Or, what we can learn from the FIRE community.
The FIRE movement, or Financially Independent, Retired Early, is swiftly emerging from years underground. Some very well known blogs, such as Mr. Money Moustache, Millennial Money, and The Money Habit, are FIRE blogs. The idea is to create a debt management and investment plan early, invest a lot of your income, and build up a nest egg that will generate enough money passively for you to live off of. It’s an intriguing concept–many people who found out about FIRE early on have retired as early as 28, and spend their days traveling, working out, volunteering, and helping others along the same path.
The keys, of course, are staying out of early debt, making more than you need, and saving overzeaolusly. The average American saves 3.5% of their paycheck. Common recommendations range from 10-15% of earnings for most people, and physicians and other professionals need to save 20% + because of the duration and cost of our training. There are people in the FIRE community who regularly save 40-70% of their earnings; and these are people who are earning middle class wages. They do it either by penny pinching (a la Mr. Money Moustache), living off of side hustles and investing their entire salaries, or by controlling their major expenses (top 3: housing, car, food, which usually account for 70% of our expenditures).
Healthcare careers are not popular with the FIRE crowd, for obvious reasons: extremely high debt burden and little or no income in the prime saving years (20s and early 30s, when anything you invest will compound over time, doubling every 10-15 years according to the Rule of 72). People who want to retire in their 30s or earlier also aren’t inclined to spend hours trying to get admitted to professional school only to spend even more hours training in school or residency.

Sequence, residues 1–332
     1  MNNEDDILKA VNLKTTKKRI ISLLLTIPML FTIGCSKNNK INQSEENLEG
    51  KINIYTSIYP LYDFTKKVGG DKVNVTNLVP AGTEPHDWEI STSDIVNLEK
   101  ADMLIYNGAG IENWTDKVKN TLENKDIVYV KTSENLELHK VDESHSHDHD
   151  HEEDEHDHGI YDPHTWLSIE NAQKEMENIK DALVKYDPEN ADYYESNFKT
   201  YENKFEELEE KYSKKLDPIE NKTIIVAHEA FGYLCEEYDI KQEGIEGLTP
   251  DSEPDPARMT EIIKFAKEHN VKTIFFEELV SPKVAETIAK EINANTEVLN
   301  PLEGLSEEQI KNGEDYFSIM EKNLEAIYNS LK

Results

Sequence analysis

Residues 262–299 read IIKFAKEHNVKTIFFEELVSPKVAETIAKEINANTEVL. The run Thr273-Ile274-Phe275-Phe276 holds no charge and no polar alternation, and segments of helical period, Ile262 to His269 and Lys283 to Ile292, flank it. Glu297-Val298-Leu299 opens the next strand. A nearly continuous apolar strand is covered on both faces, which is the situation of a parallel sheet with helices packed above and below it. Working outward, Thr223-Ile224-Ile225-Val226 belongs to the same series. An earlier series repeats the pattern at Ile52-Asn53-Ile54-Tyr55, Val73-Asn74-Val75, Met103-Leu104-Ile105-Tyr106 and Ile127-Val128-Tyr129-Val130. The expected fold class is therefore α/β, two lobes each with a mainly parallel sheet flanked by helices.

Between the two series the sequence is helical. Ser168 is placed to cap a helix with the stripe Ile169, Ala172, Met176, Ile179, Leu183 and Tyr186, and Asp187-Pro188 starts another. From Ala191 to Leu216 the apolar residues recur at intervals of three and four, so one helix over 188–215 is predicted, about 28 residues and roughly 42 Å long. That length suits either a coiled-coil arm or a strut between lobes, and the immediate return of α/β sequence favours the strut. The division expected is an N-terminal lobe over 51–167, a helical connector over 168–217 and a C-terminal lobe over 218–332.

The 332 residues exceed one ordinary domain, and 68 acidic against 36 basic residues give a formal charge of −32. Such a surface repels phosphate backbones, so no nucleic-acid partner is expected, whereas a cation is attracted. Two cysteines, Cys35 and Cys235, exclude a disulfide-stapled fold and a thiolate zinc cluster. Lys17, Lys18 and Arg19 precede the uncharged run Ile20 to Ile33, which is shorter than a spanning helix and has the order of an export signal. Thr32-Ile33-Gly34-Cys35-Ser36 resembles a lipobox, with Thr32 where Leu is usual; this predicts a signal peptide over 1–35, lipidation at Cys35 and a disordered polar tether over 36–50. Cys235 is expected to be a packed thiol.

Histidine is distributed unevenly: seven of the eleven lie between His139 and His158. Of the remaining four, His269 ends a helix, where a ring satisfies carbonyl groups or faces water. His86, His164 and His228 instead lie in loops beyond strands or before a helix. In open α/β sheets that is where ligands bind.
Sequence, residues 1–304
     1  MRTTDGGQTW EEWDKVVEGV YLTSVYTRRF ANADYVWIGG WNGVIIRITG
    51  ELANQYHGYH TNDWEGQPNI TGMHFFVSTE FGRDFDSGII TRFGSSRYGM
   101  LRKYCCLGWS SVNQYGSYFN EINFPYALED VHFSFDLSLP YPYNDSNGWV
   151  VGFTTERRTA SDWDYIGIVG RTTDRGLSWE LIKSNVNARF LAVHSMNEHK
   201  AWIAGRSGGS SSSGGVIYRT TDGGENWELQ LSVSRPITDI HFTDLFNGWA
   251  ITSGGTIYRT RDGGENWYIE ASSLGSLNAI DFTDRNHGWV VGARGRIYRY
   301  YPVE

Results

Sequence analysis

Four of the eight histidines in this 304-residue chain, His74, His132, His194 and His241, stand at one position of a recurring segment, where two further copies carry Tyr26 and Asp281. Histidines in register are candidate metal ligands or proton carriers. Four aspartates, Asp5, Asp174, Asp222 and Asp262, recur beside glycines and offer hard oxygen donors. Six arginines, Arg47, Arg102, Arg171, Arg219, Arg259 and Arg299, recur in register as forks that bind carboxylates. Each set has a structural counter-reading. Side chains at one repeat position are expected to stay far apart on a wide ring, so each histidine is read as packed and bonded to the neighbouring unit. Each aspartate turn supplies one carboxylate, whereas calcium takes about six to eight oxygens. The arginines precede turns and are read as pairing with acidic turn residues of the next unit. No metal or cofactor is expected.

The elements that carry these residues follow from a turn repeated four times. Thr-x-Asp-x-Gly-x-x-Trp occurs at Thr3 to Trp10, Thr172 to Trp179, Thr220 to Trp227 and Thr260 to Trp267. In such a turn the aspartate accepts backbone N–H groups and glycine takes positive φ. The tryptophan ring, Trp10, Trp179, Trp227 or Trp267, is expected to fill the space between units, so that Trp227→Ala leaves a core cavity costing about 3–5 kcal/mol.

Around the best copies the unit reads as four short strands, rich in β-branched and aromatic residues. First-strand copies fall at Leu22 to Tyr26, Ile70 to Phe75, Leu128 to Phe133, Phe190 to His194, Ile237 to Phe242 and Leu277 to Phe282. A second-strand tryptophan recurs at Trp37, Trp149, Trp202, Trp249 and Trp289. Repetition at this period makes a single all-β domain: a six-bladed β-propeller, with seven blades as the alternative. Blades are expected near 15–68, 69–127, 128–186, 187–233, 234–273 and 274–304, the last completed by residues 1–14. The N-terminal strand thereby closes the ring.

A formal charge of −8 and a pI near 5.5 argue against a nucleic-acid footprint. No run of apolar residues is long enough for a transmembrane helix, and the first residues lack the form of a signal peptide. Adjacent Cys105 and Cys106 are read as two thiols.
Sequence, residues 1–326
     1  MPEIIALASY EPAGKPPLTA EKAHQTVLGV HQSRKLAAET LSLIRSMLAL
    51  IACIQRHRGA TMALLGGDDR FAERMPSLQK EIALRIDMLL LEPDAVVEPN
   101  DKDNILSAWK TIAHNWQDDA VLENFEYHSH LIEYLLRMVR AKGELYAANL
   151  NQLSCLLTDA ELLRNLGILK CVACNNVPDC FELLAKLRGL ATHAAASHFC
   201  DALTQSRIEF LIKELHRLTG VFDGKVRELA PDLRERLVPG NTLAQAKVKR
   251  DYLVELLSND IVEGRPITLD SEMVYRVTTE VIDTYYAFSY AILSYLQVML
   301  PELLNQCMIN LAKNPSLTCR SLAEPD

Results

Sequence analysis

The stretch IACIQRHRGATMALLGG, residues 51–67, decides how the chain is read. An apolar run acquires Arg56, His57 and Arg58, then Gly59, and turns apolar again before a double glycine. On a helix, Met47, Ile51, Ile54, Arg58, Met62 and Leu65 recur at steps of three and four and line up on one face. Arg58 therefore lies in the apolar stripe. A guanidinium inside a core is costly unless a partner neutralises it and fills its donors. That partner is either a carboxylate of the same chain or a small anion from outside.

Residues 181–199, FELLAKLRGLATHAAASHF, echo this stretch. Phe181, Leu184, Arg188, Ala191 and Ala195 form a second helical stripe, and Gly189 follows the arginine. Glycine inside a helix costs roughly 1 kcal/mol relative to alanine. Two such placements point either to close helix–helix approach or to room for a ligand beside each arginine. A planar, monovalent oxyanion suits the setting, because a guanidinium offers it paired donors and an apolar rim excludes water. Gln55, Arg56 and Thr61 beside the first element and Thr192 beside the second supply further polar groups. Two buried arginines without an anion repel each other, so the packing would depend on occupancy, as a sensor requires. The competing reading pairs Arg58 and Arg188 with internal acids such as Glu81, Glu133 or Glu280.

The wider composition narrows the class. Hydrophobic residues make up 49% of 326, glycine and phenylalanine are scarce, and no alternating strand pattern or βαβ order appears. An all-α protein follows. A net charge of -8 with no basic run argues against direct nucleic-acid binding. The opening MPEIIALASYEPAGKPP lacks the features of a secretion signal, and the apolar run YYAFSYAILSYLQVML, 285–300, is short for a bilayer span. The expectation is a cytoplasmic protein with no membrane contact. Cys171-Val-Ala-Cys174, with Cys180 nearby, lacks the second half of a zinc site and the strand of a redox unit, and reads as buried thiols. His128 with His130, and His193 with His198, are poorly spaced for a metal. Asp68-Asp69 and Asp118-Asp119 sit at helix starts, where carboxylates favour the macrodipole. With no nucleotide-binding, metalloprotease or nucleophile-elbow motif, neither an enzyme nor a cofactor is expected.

For different reasons, people in healthcare are not especially likely to enjoy living off of $30-50,000 a year, or to retire so they can lay back and relax at any point, so the FIRE ideals aren’t particularly popular with us, either. Even when we don’t actually have any money, we like to maintain certain standards. A lot of us have difficulty living on what the government is willing to lend us at exorbitant interest rates, even when we don’t have any other income.
That doesn’t mean that we can’t learn from these people on FIRE, or that their techniques can’t be of tremendous benefit to us. Sure, I probably won’t ever choose to live off of $30,000 a year again. But the things we could accomplish with the benefit of financial independence? That’s a different story, and one of the main focuses of this blog. If you could live off interest, and any money you made at work could go towards a better lifestyle, or spent as you make it, how would that affect your worklife? Travel, fitness, family life, and work would all be easier. You would probably cut back your hours or modify your practice to the patients you feel the most fulfillment in treating, or that your community particularly needs. Physician burnout would be an afterthought instead of an epidemic. I ruminate on this subject enough on the blog and don’t need to reiterate it here. Financial independence at an early age sounds great. Now what?